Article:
And one more thing. I have an ugly haircut that I hope will grow out in time for school.

Please write back.

Still Your Best Friend, Susan

In 1942 there's a war on, and a lot of things have changed. There are air raid drills, and Joe DiMaggio has been drafted and won't be around if the Yankees play the Cardinals in the Worlds Series. And now Susan's dad has to take a job in St. Louis, where everyone is a Cards fan.

Susan knows that things will be different in Clayton, the small town just outside St. Louis where they move. But there are still young men away in the armed forces, still double-feature movies on Sunday night with her parents, and even a tiny "hole-in-the-wall" Chinese restaurant like they one they loved back in the Bronx. And there is a girl her age, Marlene with her bossy little sister Liz in her building who make friends with her right away and show her how to roller skate in the cool downstairs garage and introduce her to the town's swimming pool and its high dive.

But some things are very different. People talk differently and tell her they can't understand her New York accent. Marlene's grumpy grandmothers complain that she shouldn't play with Susan because she's a Jew, something she never heard back in the Bronx. And then she meets Loretta, a black girl who lives in the basement with her mother who is the building custodian, and when she wants to invite Loretta along to the pool, Susan's dad has to explain that Missouri has something called Jim Crow laws that mean that black and white people can't go to the same swimming pools, schools, movies, or even restaurants.

But as the steamy summer goes on and the girls share monopoly games, Kool Aid, skating, and Loretta's mother's homegrown tomato sandwiches, their friendship grows. Then Susan discovers that there is an interesting loophole in Missouri's Jim Crow laws. Public transportation is not segregated, and Susan comes up with an idea for an August adventure they all can share.

"What in the world can you be thinking, Miss Susan New York Marcus?" asks Marlene.

Maybe she can't change Missouri's Jim Crow laws, but Susan believes the friends can bend them a little. Her plan is that she and Marlene get on the midday bus to St. Louis, and Loretta will get on two stops later. They will all move to the wide seats around the back of the bus and see all the downtown St. Louis sights together.

We all got dressed up that day.

Cranky Liz would not keep up. Nobody was waiting at the stop where we had planned to be, so the driver just kept on going. Now what?

The girls take the next bus, wondering if Loretta noticed that they weren't on the first bus, but when the bus came to the stop, Loretta is there waiting.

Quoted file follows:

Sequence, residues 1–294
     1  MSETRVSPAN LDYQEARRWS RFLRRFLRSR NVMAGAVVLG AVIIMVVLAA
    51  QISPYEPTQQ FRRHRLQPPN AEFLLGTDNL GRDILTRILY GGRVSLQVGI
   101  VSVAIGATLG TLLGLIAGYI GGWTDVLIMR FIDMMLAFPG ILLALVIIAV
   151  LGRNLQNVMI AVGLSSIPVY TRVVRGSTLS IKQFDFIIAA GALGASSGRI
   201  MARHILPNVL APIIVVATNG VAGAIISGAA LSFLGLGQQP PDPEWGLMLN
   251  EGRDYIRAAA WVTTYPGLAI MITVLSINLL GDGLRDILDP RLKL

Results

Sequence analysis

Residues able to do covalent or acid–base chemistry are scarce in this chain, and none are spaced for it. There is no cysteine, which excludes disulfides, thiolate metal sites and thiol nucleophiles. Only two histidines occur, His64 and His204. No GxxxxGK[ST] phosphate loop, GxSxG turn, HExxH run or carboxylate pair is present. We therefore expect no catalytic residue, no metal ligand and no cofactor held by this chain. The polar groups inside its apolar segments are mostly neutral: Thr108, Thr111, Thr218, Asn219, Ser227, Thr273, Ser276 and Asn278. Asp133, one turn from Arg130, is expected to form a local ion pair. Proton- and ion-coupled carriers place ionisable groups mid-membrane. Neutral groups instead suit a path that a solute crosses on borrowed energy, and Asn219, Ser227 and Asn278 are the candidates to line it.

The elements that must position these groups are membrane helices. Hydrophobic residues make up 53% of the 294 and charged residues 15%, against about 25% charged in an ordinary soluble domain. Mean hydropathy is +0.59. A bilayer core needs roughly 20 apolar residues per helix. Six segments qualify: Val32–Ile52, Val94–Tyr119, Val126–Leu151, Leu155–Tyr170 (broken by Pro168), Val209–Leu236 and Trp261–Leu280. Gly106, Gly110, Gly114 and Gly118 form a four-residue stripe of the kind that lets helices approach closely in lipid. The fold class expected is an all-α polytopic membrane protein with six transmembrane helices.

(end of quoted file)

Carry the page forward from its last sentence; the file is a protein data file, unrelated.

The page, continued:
"She waited," Marlene whispered.

"She broke the rules," I grumbled, smiling. "Maybe that is what they mean when they say 'rules are made to be broken.'" Marlene said.

"Marlene, did you just make that up?" I demanded.

"No, honest, it's a saying. I think it means you sometimes have to think for yourself, like Loretta did."

And when Susan leads the girls off the bus near her parents' favorite movie house and takes them to their favorite little Chinese restaurant, the girls are ready to try to bend one Jim Crow rule. But when they get there, they find something scary:

Half the window was smashed, and on it, in thick black paint, someone had written JAPS GO HOME! JAP TRAITOR was written in black paint on the sidewalk.

"Let's get out of here," said Marlene.

Loretta and Liz did not budge. Liz moved closer to the window and peered through it.

And the Chinese chef and his wife recognize Susan and motion them inside. "Not Jap! Chinese," he says, seating them together at one small table. Susan's plan to integrate a restaurant is a success. Take that, Jim Crow! she thinks. She breaks open her fortune cookie and reads the fortune inside.

"The future sleeps in the present."

Jane Cutler's Susan Marcus Bends the Rules (Holiday House, 2014) portrays the world of 1942 vividly, with the sounds of radio baseball games through open windows, fans whirring in the summer heat, the smells of warm tomatoes on the vine and bus exhaust and Chinese food that remind Susan of home, all combined with the different views of race and laws in World War II America--a time when there were many changes and many more soon to come. Cutler writes comfortably for middle elementary readers, portraying a child's world that is different in some ways but the same as today's children share in the most important ways, the ways of friendship and family and fairness. "Rebelling against discrimination is only part of this appealing story, but it’s the most memorable part. An enjoyable chapter book with great potential for discussion," says Booklist.

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Sunday, October 19, 2014

Critter Quarters: Julia's House for Lost Creatures by Ben Hatke



It seems that Julia can settle down wherever she wills, being that her rambling but tumbledown old house sits upon the back of a giant tortoise.

Her cottage by the sea is picturesque, but soon it is too quiet for Julia's taste.

Up goes a sign, JULIA'S HOUSE FOR LOST CREATURES, and it doesn't take much time to attract tenants. But they are a fantastical lot--and a troublesome lot as well. It's not too hard to see why this bunch are homeless.

There's an annoying troll who constantly moans the lack of a bridge to lurk beneath. Patched-up Kitty walks up the walls. The mermaid monopolizes the bathtub, and everyone demands fresh towels. As more and more creatures come to stay, Julia is suddenly too busy, providing cozy fires and tea and toast at all hours. Quiet it's not.

And Julia's motley visitors are a sloppy lot as well. Washing up, sweeping up, and mopping up behind everything from yellow duckies to dragons has her run ragged. Julia's House for Lost Creatures requires a little rethinking.

And soon another sign goes up: